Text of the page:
Quote from Jules A
You lost me at no staff to help with the paperwork, lol. I thought there would be a lot of malingering and wonder about being personally threatened in this line of work. Unfortunately what I have seen is patients who most need the benefits feel they are "fine" and lack the insight to realize they wouldn't be able to hold a job and many of the patients intent on getting the service connection windfall are actually quite capable. The inordinately high prevalence of MST claims is a whole nother can of worms in my opinion.
Not that it's here or there or even really means anything, but as a vet that suffered not just the MST itself, but the humiliation and torment that came from daring to speak up about it, reading that hurts a bit. Did you know that when we deploy, females are instructed that they are not authorized to even go to the bathroom at night by themselves? Doing so, we're told, is putting ourselves out there to be raped by contractors or even those wearing our same uniform. Yes. We are warned to beware our own brothers in uniform, because sexual assault during deployment became that big of a problem. Can. Not. Even. Go. To. The. Bathroom. Had to sign forms that we were aware of this direction and that disobeying it was putting ourselves in direct danger. The victim blaming gets very tiring, very fast.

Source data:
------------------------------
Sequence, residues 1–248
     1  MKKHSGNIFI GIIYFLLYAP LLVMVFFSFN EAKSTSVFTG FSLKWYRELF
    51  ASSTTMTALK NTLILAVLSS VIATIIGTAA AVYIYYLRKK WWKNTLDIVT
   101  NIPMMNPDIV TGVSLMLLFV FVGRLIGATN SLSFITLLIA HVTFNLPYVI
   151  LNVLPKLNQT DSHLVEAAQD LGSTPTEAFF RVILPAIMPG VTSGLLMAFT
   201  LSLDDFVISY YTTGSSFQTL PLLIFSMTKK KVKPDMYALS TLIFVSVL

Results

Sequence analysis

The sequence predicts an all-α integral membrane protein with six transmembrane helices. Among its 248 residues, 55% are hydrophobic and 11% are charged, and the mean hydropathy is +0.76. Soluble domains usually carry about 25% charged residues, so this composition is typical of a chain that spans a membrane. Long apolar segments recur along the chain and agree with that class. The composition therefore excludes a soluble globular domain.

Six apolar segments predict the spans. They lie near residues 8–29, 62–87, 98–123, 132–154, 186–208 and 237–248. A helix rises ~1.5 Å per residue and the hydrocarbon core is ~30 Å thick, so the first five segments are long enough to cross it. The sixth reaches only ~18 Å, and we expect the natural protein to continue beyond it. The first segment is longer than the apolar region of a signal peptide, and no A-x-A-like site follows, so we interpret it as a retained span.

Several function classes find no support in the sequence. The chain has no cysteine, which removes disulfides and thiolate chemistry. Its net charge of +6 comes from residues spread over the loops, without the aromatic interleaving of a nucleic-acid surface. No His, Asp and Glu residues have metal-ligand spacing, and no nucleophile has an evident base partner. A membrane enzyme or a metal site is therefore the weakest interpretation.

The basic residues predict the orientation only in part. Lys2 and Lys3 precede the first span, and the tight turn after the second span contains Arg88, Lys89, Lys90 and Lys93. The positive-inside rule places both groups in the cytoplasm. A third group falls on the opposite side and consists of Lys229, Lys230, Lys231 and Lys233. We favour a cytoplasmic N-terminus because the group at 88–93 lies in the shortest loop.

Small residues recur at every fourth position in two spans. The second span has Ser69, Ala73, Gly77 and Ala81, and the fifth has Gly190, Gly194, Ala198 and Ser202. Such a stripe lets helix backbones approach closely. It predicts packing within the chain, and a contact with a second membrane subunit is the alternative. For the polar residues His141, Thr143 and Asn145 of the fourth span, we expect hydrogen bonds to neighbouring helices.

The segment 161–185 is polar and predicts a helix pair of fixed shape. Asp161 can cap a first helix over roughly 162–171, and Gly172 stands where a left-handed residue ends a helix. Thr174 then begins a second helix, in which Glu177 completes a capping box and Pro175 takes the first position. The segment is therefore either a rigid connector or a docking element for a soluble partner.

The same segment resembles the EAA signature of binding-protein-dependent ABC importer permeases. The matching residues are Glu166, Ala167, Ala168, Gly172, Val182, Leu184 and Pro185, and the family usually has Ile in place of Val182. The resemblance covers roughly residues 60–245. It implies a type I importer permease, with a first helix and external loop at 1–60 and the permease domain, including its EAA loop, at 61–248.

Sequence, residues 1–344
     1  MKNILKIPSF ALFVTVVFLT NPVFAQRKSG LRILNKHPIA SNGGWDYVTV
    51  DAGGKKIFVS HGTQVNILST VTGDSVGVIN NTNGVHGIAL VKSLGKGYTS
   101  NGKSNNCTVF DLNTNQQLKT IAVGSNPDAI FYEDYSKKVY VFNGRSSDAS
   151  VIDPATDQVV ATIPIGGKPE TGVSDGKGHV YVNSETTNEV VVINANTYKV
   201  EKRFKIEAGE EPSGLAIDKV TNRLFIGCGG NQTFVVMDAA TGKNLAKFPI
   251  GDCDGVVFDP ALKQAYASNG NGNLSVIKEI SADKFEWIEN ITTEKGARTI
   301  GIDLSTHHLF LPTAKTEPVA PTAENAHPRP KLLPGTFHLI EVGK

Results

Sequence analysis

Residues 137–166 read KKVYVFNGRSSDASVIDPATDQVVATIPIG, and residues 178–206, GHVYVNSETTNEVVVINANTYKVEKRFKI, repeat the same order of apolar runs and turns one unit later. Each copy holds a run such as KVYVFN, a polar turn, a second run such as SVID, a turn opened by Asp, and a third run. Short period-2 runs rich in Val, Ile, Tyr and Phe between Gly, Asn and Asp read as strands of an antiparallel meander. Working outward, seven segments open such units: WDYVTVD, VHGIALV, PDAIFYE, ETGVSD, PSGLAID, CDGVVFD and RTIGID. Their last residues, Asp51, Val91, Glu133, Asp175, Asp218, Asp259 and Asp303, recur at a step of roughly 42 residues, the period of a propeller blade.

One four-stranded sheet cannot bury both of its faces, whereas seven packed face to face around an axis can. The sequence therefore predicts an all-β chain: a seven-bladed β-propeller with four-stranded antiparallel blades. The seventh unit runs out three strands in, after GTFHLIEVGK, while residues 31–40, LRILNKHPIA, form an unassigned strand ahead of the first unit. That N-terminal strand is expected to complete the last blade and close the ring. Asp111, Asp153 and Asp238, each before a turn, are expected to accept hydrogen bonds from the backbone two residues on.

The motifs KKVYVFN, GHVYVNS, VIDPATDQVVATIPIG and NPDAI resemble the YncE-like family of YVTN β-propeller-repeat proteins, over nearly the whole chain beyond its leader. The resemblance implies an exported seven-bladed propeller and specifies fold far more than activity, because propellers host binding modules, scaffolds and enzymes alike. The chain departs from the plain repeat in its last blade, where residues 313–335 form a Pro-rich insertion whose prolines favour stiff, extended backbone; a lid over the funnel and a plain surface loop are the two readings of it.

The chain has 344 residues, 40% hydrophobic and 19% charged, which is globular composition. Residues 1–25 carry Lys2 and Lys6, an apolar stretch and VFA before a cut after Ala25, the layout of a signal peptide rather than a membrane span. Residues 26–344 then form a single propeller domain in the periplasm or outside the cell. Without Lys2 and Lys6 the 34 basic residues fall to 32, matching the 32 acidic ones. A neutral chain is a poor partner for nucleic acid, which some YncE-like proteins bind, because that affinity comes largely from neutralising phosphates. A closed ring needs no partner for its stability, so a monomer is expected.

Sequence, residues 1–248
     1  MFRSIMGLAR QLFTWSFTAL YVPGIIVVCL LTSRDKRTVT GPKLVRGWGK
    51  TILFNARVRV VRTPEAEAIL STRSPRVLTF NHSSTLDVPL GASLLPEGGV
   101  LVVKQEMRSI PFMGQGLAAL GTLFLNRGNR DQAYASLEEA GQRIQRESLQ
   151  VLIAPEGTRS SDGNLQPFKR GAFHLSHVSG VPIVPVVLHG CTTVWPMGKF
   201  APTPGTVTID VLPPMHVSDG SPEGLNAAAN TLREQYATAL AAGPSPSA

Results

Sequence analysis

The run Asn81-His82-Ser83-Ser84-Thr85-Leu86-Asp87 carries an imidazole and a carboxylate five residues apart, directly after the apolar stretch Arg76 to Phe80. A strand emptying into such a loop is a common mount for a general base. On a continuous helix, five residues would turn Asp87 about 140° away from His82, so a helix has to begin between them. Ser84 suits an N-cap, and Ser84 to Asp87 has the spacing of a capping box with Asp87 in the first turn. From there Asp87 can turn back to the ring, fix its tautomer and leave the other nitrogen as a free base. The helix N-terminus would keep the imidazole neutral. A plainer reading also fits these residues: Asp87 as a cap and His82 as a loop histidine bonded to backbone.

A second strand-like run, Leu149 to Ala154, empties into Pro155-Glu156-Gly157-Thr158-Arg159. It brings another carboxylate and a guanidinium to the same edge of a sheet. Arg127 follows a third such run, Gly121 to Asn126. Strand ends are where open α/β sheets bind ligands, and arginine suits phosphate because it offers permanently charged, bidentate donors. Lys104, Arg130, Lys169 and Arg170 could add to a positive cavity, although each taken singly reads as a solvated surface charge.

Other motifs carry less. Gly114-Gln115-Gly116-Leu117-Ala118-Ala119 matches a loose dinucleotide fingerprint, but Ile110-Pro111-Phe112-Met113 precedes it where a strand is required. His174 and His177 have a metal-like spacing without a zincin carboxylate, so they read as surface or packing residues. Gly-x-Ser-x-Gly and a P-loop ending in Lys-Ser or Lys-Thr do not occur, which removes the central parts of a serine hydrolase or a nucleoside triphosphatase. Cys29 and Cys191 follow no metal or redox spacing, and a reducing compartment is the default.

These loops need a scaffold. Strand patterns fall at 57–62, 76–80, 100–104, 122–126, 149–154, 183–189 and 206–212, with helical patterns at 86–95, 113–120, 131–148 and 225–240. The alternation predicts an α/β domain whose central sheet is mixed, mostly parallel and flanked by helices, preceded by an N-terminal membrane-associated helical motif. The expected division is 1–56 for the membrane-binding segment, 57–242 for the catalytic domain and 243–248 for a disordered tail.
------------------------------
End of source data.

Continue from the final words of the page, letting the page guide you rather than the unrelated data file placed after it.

Then again, I've been lucky. The only ones who gave me a hard time were those I was supposed to be able to rely on while in the service. The civilians I've seen at the VA and those who have done the C&P exams have been extremely nice and professional. If you do this, please don't become jaded. Yes, there are people that will try to abuse any system. There being a high number of MST cases? That alone isn't shocking to me. Military culture has allowed sexual assault to be a problem for a long time. It's not just my experience. I was also a Unit Victim Advocate for our hospital. Take a look at the Service Women's Action Network.